March 29th, 2011 By Jack Morton
Last week I was one of the 17,000 lucky geeks to attend SXSWi in Austin, Texas. I’ll be blogging my observations from the event in a multi-part series on the Jack Blog, and I hope you follow along. Today’s topic: Location-based services (LBS). Where are you, where am I, and why does it matter?
Location-based services continue to dominate many discussions at SXSWi, with people trying to figure out how to monetize check-ins, use them to locate and identify their audience, and create super-cool tech mash-ups to mix user data and location. Foursquare (which took off at SXSWi 2009) along with Gowalla demonstrated some nice event marketing tactics, including physical rewards for check-ins specific to SXSW, and special events / treats for players – starting at the airport with a special ‘welcome’ check in for attendees. Events are nothing new for Foursquare, who already use their platform for events like the “Catch-a-Choo” Jimmy Choo virtual treasure hunt, a variety of tourism board promotions, and nice real-time museum tie-ins like the Tate Modern app.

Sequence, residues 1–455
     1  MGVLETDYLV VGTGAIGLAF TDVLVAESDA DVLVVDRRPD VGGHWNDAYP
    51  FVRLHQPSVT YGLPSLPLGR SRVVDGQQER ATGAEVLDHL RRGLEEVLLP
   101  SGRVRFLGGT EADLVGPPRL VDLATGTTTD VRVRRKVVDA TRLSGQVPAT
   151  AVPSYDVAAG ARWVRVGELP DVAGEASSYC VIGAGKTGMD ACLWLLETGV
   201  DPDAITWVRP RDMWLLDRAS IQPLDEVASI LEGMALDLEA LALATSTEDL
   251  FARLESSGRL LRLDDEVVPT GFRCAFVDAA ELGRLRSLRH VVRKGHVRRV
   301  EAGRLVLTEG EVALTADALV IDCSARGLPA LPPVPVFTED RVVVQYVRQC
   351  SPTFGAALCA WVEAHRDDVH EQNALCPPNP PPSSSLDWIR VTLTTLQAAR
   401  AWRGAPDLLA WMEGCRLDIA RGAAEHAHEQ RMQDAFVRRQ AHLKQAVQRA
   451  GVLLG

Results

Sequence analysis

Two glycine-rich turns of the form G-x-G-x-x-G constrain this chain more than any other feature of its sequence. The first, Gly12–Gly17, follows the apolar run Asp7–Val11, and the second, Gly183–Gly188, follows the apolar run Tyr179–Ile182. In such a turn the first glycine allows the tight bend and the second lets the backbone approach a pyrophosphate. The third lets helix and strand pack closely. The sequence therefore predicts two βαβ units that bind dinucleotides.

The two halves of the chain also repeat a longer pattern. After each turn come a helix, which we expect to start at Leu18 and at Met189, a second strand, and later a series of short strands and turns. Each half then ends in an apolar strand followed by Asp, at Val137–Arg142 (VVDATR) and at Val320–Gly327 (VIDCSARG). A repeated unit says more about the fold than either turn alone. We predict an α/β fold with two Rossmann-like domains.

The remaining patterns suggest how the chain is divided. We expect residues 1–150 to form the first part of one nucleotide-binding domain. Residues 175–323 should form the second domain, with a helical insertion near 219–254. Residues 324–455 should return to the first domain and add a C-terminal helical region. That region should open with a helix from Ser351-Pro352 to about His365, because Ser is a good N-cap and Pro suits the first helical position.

With the big players like Google and Facebook joining in on location check-ins, there was a lot of focus on the future of this channel and if or how spunky upstarts can compete. This year’s big news was Foursquare announcing that they are opening their API and database for developers to use for outside development. They are encouraging as much integration as possible to increase the diversity of their user base, hosting sessions at SXSWi to share more information. Foursquare has said they hope their open source strategy will be the secret sauce to put them at the top of the LBS heap. Popular apps like Instagram (quick photo sharing + LBS), Heat Tracker (find the hottest place near you), and LocaModa (display your venue’s check-in info) are helping take LBS and the Foursquare engine mainstream.